It doesn't take a sophisticated mind to see how wrong it is to let Trump get into the White House. The following story is not one of reason or morality; it simply reflects the emotions of an ordinary mother, emotions many of my friends experienced.

How to Be a Good Parent in 2016

by Xujun Eberlein
You have told your 8-year-old son not to watch TV, but you are intent on seeing the first presidential debate, so you allow him to sit by you on the couch for an hour and a half before going to bed.

            You have taught your son not to interrupt when others are speaking; on the TV screen the red-faced man cuts off his opponent at will, or otherwise hovers around to intimidate her.

You have again told your son not to watch TV, but you are anxious to see the second presidential debate, so you allow him to sit by you for 60 minutes.
            You have taught your son that America is a democratic country which, unlike China, doesn't hold citizens as political prisoners; on the screen the red-faced man is threatening to send his opponent to jail.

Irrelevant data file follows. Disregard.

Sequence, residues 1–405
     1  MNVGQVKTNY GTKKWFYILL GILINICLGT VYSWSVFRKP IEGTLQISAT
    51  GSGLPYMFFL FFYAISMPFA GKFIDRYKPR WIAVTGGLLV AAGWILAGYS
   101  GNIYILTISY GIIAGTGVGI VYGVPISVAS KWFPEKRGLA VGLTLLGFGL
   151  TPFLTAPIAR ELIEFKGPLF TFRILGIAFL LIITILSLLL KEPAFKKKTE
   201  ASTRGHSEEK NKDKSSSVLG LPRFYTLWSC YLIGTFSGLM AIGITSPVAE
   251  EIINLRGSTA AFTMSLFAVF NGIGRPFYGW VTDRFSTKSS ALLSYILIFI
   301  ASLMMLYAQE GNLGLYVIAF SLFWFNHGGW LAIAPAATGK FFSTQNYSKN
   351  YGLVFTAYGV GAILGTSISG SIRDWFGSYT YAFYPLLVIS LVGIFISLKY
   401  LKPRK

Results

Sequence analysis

You know you can't tell your son not to watch TV again when the third presidential debate begins, so you allow him to sit by you for 30 minutes.
You have taught your son that people in America, regardless of their ethnicity, race or gender, are all equal; on the screen the red-faced man calls immigrants "bad hombres" and, a while later, squeezes two fierce words out of his fat lips to the other candidate, "Nasty woman."
After that you can no longer be noncommittal in your comments, so you tell your son this man is unfit to be the American President, and he nods hard. "This man will not be elected," you say, and he replies, "FR."

The evening of November 8th, you don't turn on the TV until your son falls asleep.You turn off the TV at midnight.Then you stay awake through the long dark night, having no idea what to say to your son in the morning. #